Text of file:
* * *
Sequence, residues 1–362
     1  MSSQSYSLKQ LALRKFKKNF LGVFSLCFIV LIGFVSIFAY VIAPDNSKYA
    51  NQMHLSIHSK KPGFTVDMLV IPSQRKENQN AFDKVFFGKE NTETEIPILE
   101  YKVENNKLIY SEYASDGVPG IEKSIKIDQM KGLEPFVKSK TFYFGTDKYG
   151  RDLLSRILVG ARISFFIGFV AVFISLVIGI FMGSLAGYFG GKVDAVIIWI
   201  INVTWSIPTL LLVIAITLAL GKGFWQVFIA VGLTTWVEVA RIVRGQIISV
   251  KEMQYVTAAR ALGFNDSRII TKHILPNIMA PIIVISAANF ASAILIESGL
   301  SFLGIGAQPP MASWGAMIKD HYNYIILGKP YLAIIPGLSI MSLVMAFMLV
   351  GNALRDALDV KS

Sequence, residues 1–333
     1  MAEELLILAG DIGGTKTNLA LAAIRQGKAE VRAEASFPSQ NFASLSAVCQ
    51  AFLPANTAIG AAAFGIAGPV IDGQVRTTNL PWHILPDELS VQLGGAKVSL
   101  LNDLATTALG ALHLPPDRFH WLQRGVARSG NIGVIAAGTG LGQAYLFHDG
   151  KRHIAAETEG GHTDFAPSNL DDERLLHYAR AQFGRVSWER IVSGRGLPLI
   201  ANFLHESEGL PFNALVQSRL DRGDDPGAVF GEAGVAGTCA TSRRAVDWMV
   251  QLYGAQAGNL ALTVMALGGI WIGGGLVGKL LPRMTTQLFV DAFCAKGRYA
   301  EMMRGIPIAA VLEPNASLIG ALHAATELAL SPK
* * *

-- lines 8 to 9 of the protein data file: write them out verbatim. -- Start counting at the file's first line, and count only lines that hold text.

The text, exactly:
   301  SFLGIGAQPP MASWGAMIKD HYNYIILGKP YLAIIPGLSI MSLVMAFMLV
   351  GNALRDALDV KS